VA Is Sending More Veterans to Songwriting Retreats

An Operation Song musical performance. (Operation Song via Facebook)
An Operation Song musical performance. (Operation Song via Facebook)

The Department of Veterans Affairs is expanding a partnership with a Nashville nonprofit that links veterans with professional songwriters and musicians at retreats the VA describes as "helping veterans share and cope with military experiences through music."

Bob Regan, a Grammy-nominated songwriter and founder of "Operation Song," is up-front about the group's goals: "We're not therapists. We're not here to judge you. We're not here to fix you."

What Operation Song can do is take veterans' words and thoughts, "move 'em around and make 'em rhyme," and set them to music, said the 70-year-old Regan, who has written songs recorded by Trisha Yearwood, Reba McEntire, Billy Ray Cyrus, Lee Greenwood, Hank Williams Jr. and others.

"Just sit them in rooms and let them tell their stories," said Regan, who holds a degree in psychology from the University of California at Davis and founded Operation Song in 2012.

The program held a pilot retreat for five veterans last year, and another for 10 veterans that concluded earlier this month. Regan said he hopes to offer quarterly retreats for veterans next year.

In announcing the expanded partnership with Operation Song last week, VA Secretary Robert Wilkie said that the department is open to alternative therapy methods to aid veterans coping with the stress of transitioning to civilian life and other issues.

"VA is always striving to find unique ways to help veterans build on their military experiences, and music therapy is just one component of VA's robust Recreation Therapy programs," he said in a statement. "Music can provide an outlet for expression of feelings, as well as be an avenue of communication for those who find it difficult to express themselves."

Regan said the idea for Operation Song came to him on overseas tours for Armed Forces Entertainment. "Songwriting is an art form they can relate to," he said.

"Just sit them down, have a conversation, tell me about yourself" and the process begins, he added. The organization's motto is "Bringing them back one song at a time."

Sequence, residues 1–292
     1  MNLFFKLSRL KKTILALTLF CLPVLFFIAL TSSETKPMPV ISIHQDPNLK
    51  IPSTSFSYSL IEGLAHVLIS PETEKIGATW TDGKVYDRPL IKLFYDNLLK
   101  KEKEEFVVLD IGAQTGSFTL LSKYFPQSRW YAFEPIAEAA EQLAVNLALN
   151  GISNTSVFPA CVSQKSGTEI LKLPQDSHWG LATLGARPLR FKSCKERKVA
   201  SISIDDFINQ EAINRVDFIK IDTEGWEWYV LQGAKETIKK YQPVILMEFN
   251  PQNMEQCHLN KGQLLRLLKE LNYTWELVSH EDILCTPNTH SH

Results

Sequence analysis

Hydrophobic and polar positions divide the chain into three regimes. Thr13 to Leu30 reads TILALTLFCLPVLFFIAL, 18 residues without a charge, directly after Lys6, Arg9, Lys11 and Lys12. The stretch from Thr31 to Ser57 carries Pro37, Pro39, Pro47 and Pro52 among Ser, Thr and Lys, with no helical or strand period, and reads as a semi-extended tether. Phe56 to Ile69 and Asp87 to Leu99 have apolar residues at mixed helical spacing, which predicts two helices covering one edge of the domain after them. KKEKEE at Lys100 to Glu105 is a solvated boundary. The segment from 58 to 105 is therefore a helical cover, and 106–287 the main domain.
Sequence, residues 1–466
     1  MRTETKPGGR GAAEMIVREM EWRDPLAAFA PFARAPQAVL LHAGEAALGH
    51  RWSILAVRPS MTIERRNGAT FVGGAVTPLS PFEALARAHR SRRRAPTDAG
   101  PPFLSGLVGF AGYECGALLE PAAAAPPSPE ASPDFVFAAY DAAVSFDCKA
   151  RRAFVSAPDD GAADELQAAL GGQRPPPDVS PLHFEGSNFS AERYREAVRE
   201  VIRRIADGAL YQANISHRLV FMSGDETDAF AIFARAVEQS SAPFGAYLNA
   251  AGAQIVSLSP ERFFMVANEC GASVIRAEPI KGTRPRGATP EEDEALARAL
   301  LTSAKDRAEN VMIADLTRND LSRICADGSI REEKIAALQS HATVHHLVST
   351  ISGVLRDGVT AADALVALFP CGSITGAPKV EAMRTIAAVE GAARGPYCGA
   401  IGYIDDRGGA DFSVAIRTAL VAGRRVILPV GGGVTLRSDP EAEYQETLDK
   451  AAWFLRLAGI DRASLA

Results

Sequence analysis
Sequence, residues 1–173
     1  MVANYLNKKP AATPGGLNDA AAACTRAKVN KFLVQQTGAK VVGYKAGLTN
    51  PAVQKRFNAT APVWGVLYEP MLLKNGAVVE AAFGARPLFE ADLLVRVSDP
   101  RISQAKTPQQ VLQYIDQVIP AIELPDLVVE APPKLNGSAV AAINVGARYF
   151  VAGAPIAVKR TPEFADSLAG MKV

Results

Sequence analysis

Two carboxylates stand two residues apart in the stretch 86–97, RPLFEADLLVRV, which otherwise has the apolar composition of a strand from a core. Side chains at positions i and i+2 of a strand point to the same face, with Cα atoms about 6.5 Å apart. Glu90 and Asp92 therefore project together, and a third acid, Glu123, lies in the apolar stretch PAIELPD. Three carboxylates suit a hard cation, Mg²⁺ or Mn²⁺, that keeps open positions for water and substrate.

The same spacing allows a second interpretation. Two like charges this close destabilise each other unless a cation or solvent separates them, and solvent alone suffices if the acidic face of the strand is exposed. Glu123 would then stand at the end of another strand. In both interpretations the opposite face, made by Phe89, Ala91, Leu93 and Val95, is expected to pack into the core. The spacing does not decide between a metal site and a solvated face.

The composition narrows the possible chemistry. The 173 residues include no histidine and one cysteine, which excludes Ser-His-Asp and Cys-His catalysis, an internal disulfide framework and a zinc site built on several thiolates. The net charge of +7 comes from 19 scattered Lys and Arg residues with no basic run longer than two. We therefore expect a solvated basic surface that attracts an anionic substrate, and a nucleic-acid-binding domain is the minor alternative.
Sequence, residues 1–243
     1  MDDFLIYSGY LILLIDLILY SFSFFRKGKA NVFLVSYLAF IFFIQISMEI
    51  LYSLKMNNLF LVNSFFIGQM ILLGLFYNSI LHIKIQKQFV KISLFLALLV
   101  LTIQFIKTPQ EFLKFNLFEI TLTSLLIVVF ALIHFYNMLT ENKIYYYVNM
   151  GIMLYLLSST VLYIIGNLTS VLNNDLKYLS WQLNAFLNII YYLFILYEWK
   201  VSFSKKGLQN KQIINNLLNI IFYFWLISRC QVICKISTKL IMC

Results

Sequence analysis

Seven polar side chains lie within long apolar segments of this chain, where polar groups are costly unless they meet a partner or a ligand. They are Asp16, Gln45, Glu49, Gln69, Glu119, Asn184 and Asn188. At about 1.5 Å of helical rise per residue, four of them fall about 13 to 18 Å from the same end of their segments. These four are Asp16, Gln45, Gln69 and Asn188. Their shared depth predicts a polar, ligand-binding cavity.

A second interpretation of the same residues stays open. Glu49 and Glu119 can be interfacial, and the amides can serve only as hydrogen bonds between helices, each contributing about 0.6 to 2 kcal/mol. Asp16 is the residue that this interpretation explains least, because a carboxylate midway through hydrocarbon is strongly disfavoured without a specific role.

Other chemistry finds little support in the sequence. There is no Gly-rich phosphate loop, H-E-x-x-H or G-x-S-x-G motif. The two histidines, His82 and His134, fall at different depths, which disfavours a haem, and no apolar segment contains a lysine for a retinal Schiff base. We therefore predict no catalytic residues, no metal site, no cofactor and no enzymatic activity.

Regan began with weekly sessions at the VA Medical Center in Murfreesboro, Tennessee, and the program developed to the pilot retreat conducted last year. "We reached out to the VA and said, 'Let's give it a try,'" he said.

When the program is successful, the resulting song is recorded by professional musicians who donate their time in studio settings, and the veterans take those songs with them, Regan said.

Since the program started, more than 750 songs have been written. One of them, "Last Monday in May," is about Memorial Day through the years.

It was a collective effort written by six Iraq, Afghanistan and Vietnam veterans; it has been performed on the National Mall for the past five Memorial Days and also at the Grand Ole Opry, according to Regan.

Another song, "West Point to Arlington," was written by a West Point graduate to honor another graduate who was killed in Afghanistan.

According to the VA, a background in music is not necessary to participate in Operation Song, but interested veterans must be referred by their VA health care provider, be able to function independently and be willing to travel to a retreat location. The program is offered at no cost to participants.

The program is fully funded this year through the support of Veterans Canteen Service, and the VA encourages donations and sponsorships from organizations and individuals who would like this type of programming to reach as many veterans as possible.

To volunteer or donate, visit the VA's website.

More information about Operation Song can be found at the program's site.

The organization's website states that "songwriting programs create an opportunity to transform service-related issues, injuries and illnesses into a structured, musical outlet as an enhancement of traditional therapies and/or treatments."

"It just works -- flat out," Regan said, although he's not quite sure how. "They have a song to go forward. You might have been close to the edge; now you've got some space."

-- Richard Sisk can be reached at

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